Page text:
Inter Milan soon crumbled after his departure, the following two seasons saw the club go through four different managers and drop to a sixth place finish in the Serie A.
Real Madrid was wrought with back-room distress during Mourinho’s last season. Dropping captain Iker Casillas caused a divide in the dressing room, and Casillas never recovered from that dip in form.
Winning the Champions League in 2014 was a massive achievement for the club but despite the heavy investment on players like James Rodríguez and Gareth Bale, Real Madrid has failed to mount a serious title challenge against Barcelona or even their cross-town rivals Atletico Madrid. They too have even resorted to the desperate measure of hiring Rafa Benitez.
This is very difficult from the likes of Sir Alex Ferguson who produced successful sides for over twenty years, constantly rebuilding entire squads. Developing the infamous class of ’92 was impressive, but even more impressive was continuing to win trophies after breaking up that group of renowned players.
Contrast that with Mourinho’s handling of Casillas’s decline in form, which sent an entire club into chaos.
Serial winning clubs have an infrastructure at the club that keeps them competitive regardless of the managers or players at their disposal. Many thought the Pep Guardiola Barcelona side that won 14 trophies in four years would flounder after the legendary manager and dynasty of players dispersed. But instead Barcelona won the treble last season.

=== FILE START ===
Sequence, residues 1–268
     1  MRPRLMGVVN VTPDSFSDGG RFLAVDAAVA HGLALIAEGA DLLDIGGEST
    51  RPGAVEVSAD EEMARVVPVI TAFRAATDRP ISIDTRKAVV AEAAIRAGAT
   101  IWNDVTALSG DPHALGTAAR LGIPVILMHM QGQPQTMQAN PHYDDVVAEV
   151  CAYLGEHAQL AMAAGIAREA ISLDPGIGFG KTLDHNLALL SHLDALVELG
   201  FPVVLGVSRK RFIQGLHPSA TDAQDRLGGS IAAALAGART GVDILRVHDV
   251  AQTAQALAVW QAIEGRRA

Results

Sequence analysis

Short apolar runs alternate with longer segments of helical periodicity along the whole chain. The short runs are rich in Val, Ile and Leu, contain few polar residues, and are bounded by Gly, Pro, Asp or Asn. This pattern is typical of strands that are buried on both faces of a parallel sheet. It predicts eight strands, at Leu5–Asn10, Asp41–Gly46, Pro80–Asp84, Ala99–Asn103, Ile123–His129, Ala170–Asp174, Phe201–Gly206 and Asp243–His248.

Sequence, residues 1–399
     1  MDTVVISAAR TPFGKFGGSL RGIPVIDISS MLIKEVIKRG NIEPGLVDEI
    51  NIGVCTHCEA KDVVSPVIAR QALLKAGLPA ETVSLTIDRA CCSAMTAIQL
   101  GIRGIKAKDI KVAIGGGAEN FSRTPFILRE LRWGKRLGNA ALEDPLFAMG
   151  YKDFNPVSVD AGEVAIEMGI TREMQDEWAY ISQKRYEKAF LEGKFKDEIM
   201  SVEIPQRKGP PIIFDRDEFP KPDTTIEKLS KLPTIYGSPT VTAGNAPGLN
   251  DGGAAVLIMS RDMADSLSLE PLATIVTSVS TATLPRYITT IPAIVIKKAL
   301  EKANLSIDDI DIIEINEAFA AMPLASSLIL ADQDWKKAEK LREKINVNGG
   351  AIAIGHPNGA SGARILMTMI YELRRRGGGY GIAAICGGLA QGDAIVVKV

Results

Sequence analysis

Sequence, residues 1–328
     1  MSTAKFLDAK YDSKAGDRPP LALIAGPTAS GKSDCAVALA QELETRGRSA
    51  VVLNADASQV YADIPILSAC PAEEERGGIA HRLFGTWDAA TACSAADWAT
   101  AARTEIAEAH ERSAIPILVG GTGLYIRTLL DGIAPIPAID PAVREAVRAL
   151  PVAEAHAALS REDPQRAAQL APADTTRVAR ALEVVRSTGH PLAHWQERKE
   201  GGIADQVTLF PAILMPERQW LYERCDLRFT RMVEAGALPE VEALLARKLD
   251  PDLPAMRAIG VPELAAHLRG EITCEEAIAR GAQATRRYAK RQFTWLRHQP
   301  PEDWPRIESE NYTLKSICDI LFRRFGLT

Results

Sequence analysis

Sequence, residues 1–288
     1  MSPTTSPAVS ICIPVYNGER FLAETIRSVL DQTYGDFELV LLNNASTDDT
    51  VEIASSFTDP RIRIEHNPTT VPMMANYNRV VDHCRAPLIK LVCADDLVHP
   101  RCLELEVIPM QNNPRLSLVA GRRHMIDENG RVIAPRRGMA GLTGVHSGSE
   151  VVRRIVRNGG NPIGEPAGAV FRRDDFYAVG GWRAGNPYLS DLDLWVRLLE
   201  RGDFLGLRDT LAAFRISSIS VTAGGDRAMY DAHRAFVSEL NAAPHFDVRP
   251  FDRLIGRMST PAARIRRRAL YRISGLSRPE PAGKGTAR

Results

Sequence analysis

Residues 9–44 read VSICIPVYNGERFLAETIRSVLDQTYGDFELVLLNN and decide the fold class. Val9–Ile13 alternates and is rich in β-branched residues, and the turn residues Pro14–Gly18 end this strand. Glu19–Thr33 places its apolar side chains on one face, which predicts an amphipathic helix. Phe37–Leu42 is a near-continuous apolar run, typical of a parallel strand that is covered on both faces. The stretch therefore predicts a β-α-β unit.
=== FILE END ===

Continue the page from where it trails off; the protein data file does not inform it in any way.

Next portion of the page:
This was done with a squad helmed by a former Barcelona player and Barcelona B coach in Luis Enrique, and that included some old faces like Lionel Messi and Andrés Iniesta combined with some heavy investment in new boys Luis Suarez and Neymar.
This balance between developing personnel within the club and acquiring the best talent on the market is how top clubs establish a more sustainable system of success.
Instead clubs like Chelsea look to garner immediate results through the impulsive implementation and abandonment of players, coaches, managers, and tactics.
With the right circumstances that can transform a struggling side very quickly, but it doesn’t instil any consistency at the club and so can also turn the team’s fortunates the other way just as easily. That’s how Chelsea are capable of going from being leagues leaders this time last year, to fourteenth place this season.
Remember the dominant Chelsea side that won the double in 2009-10? That could have been the makings of a Premier League dynasty. Instead the manger Carlo Ancelotti was fired the following season all for the hideous crime of finishing second.
Coincidently enough, Real Madrid who follow the same model of unsustainable success and have gone through several of the same mangers as Chelsea, have also fired Ancelotti all for the hideous crime of winning the Champions League and finishing second the following season.
Are the likes of Chelsea, Real Madrid, and Mourinho considered successful entities in the world of football? Of course they are. Will they be successful again? Of course they will. But the way they achieve success is the same reason they endure droughts of success as well.